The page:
Over recent decades, many commercially harvested fish have grown slower and matured earlier, which can translate into lower yields and a reduced resilience to overexploitation. Scientists have long suspected rapid evolutionary change in fish is caused by intense harvest pressure.
“Most people think of evolution as a very slow process that unfolds over millennial time scales, but evolution can, in fact, happen very quickly,” said lead author Nina Overgaard Therkildsen, professor of conservation genomics at Cornell University.
The paper, “Contrasting Genomic Shifts Underlie Parallel Phenotypic Evolution in Response to Fishing,” was published in Science.
In heavily exploited fish stocks, fishing almost always targets the largest individuals.
“Slower-growing fish will be smaller and escape the nets better, thereby having a higher chance of passing their genes on to the next generations. This way, fishing can cause rapid evolutionary change in growth rates and other traits,” Therkildsen said. “We see many indications of this effect in wild fish stocks, but no one has known what the underlying genetic changes were.”
Therkildsen and her colleagues took advantage of an influential experiment published in 2002. Six populations of Atlantic silversides, a fish that grows no bigger than 6 inches in length, had been subjected to intense harvesting in the lab. In two populations, the largest individuals were removed; in another two populations, the smallest individuals were removed; and in the final two populations, the fishing was random with respect to size.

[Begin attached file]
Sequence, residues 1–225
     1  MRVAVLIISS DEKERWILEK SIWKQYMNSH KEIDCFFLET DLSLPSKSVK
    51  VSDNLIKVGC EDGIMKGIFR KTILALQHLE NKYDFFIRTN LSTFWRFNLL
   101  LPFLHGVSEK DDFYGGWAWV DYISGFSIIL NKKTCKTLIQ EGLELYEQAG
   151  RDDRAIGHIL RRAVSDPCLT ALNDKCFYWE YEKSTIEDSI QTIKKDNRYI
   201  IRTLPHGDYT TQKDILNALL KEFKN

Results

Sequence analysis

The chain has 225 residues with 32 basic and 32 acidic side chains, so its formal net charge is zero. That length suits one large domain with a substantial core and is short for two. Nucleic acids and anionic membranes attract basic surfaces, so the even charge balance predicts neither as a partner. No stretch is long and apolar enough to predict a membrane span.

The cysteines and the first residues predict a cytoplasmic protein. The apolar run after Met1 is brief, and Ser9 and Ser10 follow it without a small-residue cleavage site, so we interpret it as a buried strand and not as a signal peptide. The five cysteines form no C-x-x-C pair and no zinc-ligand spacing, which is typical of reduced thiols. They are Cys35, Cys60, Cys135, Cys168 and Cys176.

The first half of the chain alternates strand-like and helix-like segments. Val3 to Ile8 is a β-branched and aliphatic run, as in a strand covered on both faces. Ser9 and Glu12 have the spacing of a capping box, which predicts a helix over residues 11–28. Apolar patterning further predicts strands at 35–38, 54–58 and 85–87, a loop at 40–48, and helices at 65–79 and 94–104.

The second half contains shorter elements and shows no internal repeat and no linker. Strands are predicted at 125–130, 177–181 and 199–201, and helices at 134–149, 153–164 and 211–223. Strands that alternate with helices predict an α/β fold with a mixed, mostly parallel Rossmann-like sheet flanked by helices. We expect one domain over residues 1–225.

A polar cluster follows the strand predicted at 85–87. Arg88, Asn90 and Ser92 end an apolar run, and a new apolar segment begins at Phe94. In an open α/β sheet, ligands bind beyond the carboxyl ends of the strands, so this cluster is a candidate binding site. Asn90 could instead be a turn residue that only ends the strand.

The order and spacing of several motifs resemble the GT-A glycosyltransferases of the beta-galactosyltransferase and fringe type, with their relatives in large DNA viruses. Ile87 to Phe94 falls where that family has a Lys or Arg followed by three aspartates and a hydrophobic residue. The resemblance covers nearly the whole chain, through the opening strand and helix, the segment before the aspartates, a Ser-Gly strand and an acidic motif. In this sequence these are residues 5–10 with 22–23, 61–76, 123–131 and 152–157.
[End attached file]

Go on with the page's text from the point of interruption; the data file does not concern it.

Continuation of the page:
After only four generations, the harvesting had led to an evolution of an almost two-fold difference in adult size between the groups. Therkildsen and her team sequenced the full genome of almost 900 of these fish to examine the DNA-level changes responsible for these striking shifts.
The team identified hundreds of different genes across the genome that changed consistently between populations selected for fast and slow growth. They also observed large linked-blocks of genes that changed in concert, dramatically shifting the frequencies of hundreds of genes all at the same time.
Surprisingly, these large shifts only happened in some of the populations, according to the new paper. This means there were multiple genomic solutions for the fish in this experiment to get either larger or smaller.
Research like this can assess human impacts and improve humanity’s understanding of “the speed, consequences and reversibility of complex adaptations as we continue to sculpt the evolutionary trajectories of the species around us,” Therkildsen said.
This research was funded by the National Science Foundation.
For more information, see this Cornell Chronicle story.
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